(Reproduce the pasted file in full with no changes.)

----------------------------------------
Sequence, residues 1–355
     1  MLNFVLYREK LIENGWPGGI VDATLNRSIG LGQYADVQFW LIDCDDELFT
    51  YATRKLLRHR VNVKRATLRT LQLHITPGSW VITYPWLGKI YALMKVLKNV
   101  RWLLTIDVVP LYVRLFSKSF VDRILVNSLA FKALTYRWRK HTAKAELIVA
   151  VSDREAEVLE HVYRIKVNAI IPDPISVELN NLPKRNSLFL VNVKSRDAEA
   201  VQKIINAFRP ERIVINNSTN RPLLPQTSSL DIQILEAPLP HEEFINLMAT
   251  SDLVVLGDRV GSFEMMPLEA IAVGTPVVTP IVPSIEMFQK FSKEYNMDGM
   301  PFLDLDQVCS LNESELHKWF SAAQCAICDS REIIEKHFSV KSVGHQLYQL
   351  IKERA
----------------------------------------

Sequence, residues 1–355
     1  MLNFVLYREK LIENGWPGGI VDATLNRSIG LGQYADVQFW LIDCDDELFT
    51  YATRKLLRHR VNVKRATLRT LQLHITPGSW VITYPWLGKI YALMKVLKNV
   101  RWLLTIDVVP LYVRLFSKSF VDRILVNSLA FKALTYRWRK HTAKAELIVA
   151  VSDREAEVLE HVYRIKVNAI IPDPISVELN NLPKRNSLFL VNVKSRDAEA
   201  VQKIINAFRP ERIVINNSTN RPLLPQTSSL DIQILEAPLP HEEFINLMAT
   251  SDLVVLGDRV GSFEMMPLEA IAVGTPVVTP IVPSIEMFQK FSKEYNMDGM
   301  PFLDLDQVCS LNESELHKWF SAAQCAICDS REIIEKHFSV KSVGHQLYQL
   351  IKERA